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Title:
SILK FIBRE COMPOSITES
Kind Code:
A1
Abstract:
The present invention provides silk fibre reinforced composite materials comprising a thermoplastic polymer matrix, which are relatively light, whilst having a high impact resistance. The silk fibre reinforced composite materials of the present invention allow for an optimal dissipation of the impact energy such that they have a penetration resistance higher than 20 J per mm of plate thickness, more preferably more than 30 J per mm, most preferably more than 40 J per mm. Due to the high impact resistance of the fibrous composite material according to the present invention, panels or shells comprising such composites are particularly useful for the manufacture of objects, which in the course of their life cycle are subject to shocks or at risk of penetration.


Inventors:
Verpoest, Ignace (Kessel-Lo, BE)
Van Vuure, Aart Willem (Randwijk, NL)
El Asmar, Nedda (Antwerpen, BE)
Vanderbeke, Jan (Kuurne, BE)
Application Number:
12/294427
Publication Date:
02/18/2010
Filing Date:
03/26/2007
Assignee:
K.U. LEUVEN RESEARCH AND DEVELOPMENT (Saint Honore, FR)
Primary Class:
Other Classes:
264/101, 264/319, 428/221, 428/222, 428/297.4, 428/532, 442/181, 442/203, 524/21
International Classes:
B32B1/02; B29C51/00; B29C55/00; B32B27/04; B32B27/12; C08L89/00; D03D13/00; D03D25/00
View Patent Images:
Foreign References:
JP2004142261A2004-05-20
Other References:
Machine Translation of JP 2004142261 A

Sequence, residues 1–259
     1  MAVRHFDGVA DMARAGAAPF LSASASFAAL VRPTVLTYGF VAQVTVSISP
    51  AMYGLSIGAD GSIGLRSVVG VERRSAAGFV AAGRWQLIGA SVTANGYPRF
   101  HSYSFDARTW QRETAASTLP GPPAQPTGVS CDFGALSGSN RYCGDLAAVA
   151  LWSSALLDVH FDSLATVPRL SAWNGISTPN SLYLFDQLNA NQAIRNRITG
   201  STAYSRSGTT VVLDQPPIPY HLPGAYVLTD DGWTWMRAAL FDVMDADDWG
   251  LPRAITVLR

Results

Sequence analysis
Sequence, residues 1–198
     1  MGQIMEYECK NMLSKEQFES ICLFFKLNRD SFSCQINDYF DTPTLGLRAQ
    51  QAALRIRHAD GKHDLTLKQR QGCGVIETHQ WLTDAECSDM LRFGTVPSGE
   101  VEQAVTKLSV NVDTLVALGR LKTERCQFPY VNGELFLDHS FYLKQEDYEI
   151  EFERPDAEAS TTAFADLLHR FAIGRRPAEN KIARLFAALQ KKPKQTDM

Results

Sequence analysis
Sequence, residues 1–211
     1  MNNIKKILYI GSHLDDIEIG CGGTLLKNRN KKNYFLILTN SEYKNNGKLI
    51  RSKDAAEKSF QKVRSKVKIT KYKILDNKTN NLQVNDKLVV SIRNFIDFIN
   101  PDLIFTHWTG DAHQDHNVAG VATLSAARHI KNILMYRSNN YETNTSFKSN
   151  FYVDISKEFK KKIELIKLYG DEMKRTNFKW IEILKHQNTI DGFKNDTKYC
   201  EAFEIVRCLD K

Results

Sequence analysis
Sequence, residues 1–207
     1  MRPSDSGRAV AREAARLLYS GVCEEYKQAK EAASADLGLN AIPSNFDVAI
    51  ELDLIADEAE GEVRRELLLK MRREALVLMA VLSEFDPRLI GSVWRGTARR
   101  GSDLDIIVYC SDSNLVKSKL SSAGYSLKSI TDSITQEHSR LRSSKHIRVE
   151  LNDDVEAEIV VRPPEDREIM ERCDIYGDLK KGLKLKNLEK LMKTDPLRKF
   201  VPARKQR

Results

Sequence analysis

Attorney, Agent or Firm:
Browdy And, Neimark 624 NINTH Street NW P. L. L. C. (SUITE 300, WASHINGTON, DC, 20001-5303, US)
Claims:
1. A fibrous composite material comprising a thermoplastic polymer, which has a tensile modulus of less than 1000 MPa and a tensile strain to failure higher than 300% as matrix phase and silk fibres amounting to at least 25% of the volume of the composite as reinforcement phase wherein the silk fibres are organised within said composite in at least two directions, characterised in that the distribution of said silk fibres over said fibre directions is chosen such that the tensile strength of said composite material varies less than 15% in between the fibre directions of the silk fibres comprised in the composite.

2. Fibrous composite material according to claim 1 wherein said composite has a strain to failure higher than 25% in a direction other than any of the fibre directions of the silk fibres comprised in the composite.

3. Fibrous composite material according to claim 1 wherein said composite has a penetration resistance higher than 20 J per mm of plate thickness.

4. Fibrous composite material according to claim 1 wherein the silk fibres are organised in a plurality of fabrics or mats stacked within said composite.

5. Fibrous composite material according to claim 1 wherein the silk fibres are organised in a plurality of fabrics or mats stacked within said composite and the mats or fabrics are weaves.